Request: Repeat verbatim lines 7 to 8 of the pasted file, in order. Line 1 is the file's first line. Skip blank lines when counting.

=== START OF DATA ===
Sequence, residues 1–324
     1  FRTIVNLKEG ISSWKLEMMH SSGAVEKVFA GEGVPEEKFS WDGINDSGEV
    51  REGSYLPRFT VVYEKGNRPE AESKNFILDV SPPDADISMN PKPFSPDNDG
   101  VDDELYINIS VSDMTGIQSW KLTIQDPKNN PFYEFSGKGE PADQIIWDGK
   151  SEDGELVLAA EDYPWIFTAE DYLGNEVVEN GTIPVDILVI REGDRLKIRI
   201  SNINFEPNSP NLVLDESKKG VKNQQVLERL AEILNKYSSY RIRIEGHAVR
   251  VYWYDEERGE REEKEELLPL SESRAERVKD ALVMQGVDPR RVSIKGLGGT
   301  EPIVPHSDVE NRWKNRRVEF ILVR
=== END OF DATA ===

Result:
   251  VYWYDEERGE REEKEELLPL SESRAERVKD ALVMQGVDPR RVSIKGLGGT
   301  EPIVPHSDVE NRWKNRRVEF ILVR